Give us a list of all the State Team Championships/Individual State Champs you coached, or just Region Champs as a team/individuals and Coaching Honors you have achieved?
State Championships Cross Country Walton Boys 1980-81-82-83 Walton Girls 1978-79-81
Track McEachern Boys 1998 Girls 1998-99
Individual State Champions:
Walton High School:
Alena Palmquist 3 x Cross Country 3 x Mile 3 x 2 Mile
Christine Kemp High Jump
Tony Young 2 time Cross Country
Ken Lacurito 880yd State Champ
John Anderson Shot Put
Carl Nordhelm Two Mile Cross Country North Cobb High School
Shawn Tucker Shot Put McEachern High School
Brittany Hughes Cross Country
Ray Miller Shot Put
Stewart Fleming 110 Meter Hurdles
Hassaan Stamps 110 Meter Hurdles
300 Meter Hurdles Mario Lovett
400 Meter Dash, 4 x 100 Meter Relay Ronnie Ladd, Hassaan Stamps, Mark Myers, Mario Lovett
Region Championships Walton High School Cross Country Boys 1980-81-82-83-84 Girls 1978-79-80-81 Track & Field Boys 1979-81-83-85 Girls 1982-83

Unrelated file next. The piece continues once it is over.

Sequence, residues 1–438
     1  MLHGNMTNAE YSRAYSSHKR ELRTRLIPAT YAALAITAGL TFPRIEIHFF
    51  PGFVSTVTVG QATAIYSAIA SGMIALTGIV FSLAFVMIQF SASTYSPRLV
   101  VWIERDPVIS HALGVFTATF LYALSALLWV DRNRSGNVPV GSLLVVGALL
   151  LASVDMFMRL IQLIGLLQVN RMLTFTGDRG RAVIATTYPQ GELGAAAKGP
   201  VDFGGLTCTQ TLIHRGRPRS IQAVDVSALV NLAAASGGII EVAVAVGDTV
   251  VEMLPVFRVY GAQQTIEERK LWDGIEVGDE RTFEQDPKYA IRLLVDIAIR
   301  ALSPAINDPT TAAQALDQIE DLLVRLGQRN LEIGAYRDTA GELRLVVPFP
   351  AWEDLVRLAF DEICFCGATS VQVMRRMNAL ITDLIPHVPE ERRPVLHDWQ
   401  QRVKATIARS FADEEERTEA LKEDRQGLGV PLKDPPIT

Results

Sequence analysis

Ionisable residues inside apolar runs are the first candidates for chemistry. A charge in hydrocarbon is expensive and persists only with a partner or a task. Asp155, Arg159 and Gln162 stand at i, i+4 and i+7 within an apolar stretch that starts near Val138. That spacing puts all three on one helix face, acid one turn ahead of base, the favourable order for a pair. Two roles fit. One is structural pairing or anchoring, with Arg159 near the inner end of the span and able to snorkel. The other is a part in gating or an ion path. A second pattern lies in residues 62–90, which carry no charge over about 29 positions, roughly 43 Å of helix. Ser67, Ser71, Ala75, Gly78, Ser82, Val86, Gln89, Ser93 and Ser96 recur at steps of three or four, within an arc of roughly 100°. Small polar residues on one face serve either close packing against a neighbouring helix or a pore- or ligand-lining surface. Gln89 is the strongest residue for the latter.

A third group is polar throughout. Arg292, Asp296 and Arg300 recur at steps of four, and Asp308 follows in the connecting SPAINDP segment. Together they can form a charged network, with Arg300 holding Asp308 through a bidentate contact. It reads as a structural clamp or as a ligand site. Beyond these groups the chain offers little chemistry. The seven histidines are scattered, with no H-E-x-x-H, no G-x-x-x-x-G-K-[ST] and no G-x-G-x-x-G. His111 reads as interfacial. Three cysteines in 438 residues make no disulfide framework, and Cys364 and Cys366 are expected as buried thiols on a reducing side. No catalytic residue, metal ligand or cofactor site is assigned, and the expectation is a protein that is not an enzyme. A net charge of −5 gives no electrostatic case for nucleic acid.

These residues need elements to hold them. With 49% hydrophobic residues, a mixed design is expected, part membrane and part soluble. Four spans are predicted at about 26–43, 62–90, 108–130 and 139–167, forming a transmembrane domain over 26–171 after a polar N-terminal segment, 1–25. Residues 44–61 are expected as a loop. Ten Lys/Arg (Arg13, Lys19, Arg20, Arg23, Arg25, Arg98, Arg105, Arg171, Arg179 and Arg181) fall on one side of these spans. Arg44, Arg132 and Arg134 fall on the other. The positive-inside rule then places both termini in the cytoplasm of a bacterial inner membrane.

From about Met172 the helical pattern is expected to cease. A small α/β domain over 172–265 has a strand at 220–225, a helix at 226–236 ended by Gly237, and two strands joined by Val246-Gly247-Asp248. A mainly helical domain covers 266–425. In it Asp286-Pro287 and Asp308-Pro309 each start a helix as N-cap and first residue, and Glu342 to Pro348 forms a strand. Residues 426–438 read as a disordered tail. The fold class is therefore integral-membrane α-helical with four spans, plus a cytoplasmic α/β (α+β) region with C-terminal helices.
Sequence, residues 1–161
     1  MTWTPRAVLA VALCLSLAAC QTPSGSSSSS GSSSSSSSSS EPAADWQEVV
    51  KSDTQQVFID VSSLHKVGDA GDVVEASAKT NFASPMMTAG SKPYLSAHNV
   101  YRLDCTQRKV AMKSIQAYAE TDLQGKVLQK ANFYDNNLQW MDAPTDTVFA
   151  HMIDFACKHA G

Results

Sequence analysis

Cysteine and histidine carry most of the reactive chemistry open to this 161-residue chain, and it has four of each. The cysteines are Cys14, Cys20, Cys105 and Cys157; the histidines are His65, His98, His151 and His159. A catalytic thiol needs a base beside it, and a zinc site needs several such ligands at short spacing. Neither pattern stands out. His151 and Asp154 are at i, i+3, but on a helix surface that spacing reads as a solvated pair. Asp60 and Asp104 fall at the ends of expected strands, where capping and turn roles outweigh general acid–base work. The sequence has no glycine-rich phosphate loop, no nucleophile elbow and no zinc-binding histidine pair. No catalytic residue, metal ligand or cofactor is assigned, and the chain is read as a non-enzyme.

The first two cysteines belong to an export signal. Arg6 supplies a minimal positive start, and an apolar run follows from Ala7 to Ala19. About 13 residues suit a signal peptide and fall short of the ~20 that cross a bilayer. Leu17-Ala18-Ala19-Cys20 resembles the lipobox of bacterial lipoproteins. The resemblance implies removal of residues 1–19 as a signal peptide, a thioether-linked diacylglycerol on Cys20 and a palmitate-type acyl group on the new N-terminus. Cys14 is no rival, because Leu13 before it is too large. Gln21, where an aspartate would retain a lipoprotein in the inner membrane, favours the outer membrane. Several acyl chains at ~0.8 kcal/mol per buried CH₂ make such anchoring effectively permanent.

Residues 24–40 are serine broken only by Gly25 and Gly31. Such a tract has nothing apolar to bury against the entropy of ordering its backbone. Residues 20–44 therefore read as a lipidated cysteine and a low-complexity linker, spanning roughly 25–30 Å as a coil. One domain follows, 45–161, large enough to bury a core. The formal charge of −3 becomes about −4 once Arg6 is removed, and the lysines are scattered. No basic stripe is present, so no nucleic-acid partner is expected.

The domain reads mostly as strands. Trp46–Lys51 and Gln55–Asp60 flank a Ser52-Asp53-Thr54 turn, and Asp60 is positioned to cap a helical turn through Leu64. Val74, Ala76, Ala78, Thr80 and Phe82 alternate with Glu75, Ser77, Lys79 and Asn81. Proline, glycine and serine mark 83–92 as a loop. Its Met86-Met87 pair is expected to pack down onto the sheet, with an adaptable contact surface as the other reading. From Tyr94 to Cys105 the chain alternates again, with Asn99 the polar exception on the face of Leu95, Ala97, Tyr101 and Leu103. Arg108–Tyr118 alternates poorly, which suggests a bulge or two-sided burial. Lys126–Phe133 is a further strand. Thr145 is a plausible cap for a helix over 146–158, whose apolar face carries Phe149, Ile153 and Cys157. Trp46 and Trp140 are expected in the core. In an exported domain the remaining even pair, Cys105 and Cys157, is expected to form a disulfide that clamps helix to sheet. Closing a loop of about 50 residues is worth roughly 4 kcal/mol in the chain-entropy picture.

McEachern HS Track & Field Boys 1992-93-94-95-97-98-99
Cross Country Boys 1992-95-96, Girls 1992-97-98
Coaching Honors Georgia Athletic Coaches Association Hall of Fame 2014
Georgia Track & Field Cross Country Hall of Fame 2005
McEachern High School Hall of Fame 2019
Atlanta Track Club Cross Country Coach of the Year 6 times
Atlanta Track Club Track Coach of the Year 1998
Georgia Athletic Coaches Association Coach of the Year 1998
What are the 2-3 most striking moments in Track/XC you witnessed happen? and please relive it here for us.
Number 1 most striking moment for me has been watching my son, Travis Gower, grow into the coach that he has become. To see the success he has had is what keeps me coming back to the meets and watching his team compete.
Number 2 on the list was being a major part of putting on the 1996 Atlanta Olympic Games and Trials. Working with a crew of top-notch officials and coaches to pull these games off was amazing. My main job was the sector lines for all the throws. The rest of the time was spent helping the other crew with set up and take down throughout the 16 days of both the trials and the games.
Number 3 was being in attendance during the 1985 NCAA Cross Country Championships and watching 2 of my former Walton HS athletes compete in the major event.